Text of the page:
Patrick T. Murphy, Catalogue essay
Solstice Arts Centre, Navan and Crawford Art Gallery, Cork, 2011

It is probably incorrect to title this introduction as a ‘new series’ because it is not that Tyrrell finishes one body of work and commences a new one, but that each of his presentations grow organically from all that have gone previously. Tyrrell’s attitude to working is almost industrial, a daily commitment of hours in the studio. One can discern from Tyrrell’s titles his no-nonsense approach to painting, C9.09, the ninth painting completed in 2009.

For nearly 30 years now, critics have from time to time sought, without success, to root Tyrrell’s abstraction into his West Cork landscape. At times, Tyrrell seems to admit some oblique reference but then squeezes out any iota of that possibility. If this present suite of paintings has any such reference it is not to the topographical but the tectonic.

In many respects this work is sculptural, having more in common with the profound simplicity of Richard Serra’s sculptures and their exploration of gravity than with the issues of abstract painting.

In C9.09 (one of a suite of four of similar format), we get the sense of objecthood that Tyrrell brings to his paintings. Appreciate the mathematics: a vertical canvas 108cms high and 72cms wide, central is a square 72cms X 72cms, leaving two sections above and below the square of 18cms wide, one sixth of 108cms or one quarter of 72cms. Dimensions are never arbitrary or off the shelf with Tyrrell, he imbues them with significance. The canvas has a black cruciform shape, the slender rectangles created by it hold a complex surface of colour. These crosses literally exclude us from viewing the painting that we know is behind them. They physically stop the viewer with their insistent presence. And they stop something else, the bubbling up of those landscape allusions. The sentimental could read a foreground, mid-ground, horizon line and sky in those revealed edges, but the negation of the crosses firmly stops that reading in its tracks.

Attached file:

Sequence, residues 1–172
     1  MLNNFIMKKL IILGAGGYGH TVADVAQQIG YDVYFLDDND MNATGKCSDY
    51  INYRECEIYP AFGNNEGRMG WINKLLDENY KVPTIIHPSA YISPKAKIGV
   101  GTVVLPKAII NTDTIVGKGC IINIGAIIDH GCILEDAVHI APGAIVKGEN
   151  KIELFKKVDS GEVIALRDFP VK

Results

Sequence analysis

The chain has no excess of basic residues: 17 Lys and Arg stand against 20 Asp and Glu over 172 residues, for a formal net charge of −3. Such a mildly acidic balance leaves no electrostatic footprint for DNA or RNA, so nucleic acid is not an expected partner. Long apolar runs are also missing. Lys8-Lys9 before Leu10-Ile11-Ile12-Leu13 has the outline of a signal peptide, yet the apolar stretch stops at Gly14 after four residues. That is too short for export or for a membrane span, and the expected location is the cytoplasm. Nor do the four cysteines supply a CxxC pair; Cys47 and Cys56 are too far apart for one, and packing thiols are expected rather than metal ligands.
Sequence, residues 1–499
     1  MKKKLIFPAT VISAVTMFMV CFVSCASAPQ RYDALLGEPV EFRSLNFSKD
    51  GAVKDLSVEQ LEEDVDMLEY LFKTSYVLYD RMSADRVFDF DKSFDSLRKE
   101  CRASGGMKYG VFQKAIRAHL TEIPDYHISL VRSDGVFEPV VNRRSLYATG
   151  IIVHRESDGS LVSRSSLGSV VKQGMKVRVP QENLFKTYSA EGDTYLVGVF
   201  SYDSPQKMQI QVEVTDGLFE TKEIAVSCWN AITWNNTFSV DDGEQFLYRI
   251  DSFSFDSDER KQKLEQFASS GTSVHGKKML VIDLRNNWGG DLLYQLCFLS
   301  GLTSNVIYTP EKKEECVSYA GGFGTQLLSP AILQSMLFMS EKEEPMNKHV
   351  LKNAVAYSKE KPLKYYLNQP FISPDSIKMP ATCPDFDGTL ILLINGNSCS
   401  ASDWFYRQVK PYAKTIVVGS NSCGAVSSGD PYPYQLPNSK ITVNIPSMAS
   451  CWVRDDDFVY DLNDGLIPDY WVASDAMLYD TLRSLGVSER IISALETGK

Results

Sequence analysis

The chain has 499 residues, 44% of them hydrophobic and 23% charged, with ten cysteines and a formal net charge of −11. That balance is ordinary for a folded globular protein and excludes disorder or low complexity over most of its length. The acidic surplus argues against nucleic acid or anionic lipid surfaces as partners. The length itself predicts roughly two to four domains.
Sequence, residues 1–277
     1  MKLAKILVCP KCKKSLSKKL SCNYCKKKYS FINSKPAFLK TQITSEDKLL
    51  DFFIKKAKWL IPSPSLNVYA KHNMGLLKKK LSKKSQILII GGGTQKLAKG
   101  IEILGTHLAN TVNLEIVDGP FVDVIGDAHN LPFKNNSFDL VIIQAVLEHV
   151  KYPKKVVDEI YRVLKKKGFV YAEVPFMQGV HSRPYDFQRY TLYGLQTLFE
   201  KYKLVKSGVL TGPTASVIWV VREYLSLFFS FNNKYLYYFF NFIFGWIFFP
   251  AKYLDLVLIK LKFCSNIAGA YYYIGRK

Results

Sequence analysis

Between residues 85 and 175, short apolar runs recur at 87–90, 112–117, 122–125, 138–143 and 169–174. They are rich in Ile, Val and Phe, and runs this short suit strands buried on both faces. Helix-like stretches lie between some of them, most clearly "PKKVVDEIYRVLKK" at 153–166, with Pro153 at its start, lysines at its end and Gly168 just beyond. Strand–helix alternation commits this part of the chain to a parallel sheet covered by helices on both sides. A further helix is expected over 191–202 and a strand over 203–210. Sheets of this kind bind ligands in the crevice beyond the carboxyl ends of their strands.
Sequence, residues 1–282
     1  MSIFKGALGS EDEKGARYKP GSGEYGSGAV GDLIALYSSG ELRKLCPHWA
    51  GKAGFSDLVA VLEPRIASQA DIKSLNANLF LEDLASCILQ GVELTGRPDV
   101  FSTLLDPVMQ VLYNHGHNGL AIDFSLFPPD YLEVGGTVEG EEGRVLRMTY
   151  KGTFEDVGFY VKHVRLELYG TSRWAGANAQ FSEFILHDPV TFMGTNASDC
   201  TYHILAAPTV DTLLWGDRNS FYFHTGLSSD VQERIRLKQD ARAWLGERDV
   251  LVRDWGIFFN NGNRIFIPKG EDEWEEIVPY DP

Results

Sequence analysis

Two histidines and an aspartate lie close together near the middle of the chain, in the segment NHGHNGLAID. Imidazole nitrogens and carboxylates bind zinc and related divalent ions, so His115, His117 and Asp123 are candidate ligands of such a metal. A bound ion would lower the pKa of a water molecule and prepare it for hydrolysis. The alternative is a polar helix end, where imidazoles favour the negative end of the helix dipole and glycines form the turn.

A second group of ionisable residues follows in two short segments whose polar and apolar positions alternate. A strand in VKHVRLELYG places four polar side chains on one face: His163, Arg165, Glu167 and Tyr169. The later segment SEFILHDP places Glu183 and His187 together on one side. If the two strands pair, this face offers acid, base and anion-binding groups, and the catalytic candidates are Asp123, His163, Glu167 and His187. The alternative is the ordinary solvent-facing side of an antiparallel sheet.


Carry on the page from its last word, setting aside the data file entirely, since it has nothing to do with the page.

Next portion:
In C1.10, C5.10 and C6.10 diptychs, we encounter this same bodily relationship to the canvas. This time it is a counter-clockwise rotational dynamic. Each panel is 160 X 150cm placed horizontally beside each other. The works are squared by using a 10cms stripe scraped back to its original under-painting. The central square sections are full of dark running magma, pulls and pushes, rhythms gained and rhythms lost. The intensity of their working elevating them to what the artist modestly calls ‘simple absolute procedure’ but to which we may speculate as the evidence and the fact of the creative struggle.

In the six vertical paintings from 2010 and 2011, each 210cms X 150cms, three dark vertical elements are punctuated by chevrons of lighter underpainting. In C3.10 the three equal elements are stacked one on top of the other, their meeting edge relieved by a shallow curve of light. The whole painting moves from top to bottom, the belly of the slab oozing with the urgency of gravity. In C1.11 the movement is from left to right, each slab laid down slightly in front of the other as if jostling for position in the picture frame. Always that idea of struggle, of fact hard won.

In the etchings that accompany this period of the artist’s work again for the language of analysis one reverts to sculptural terms – above and below, resting on, light and heavy, in front of and behind. The elegance to achieve such sophistication with the use of only crosshatching speaks for itself.

Tyrrell’s compositions have got ever more simple and rigorous, and within this defined arena his painting has got more complex and capable of embracing fact and metaphor with equal passion.

Tyrrell’s at the top of his game – just don’t take him for granted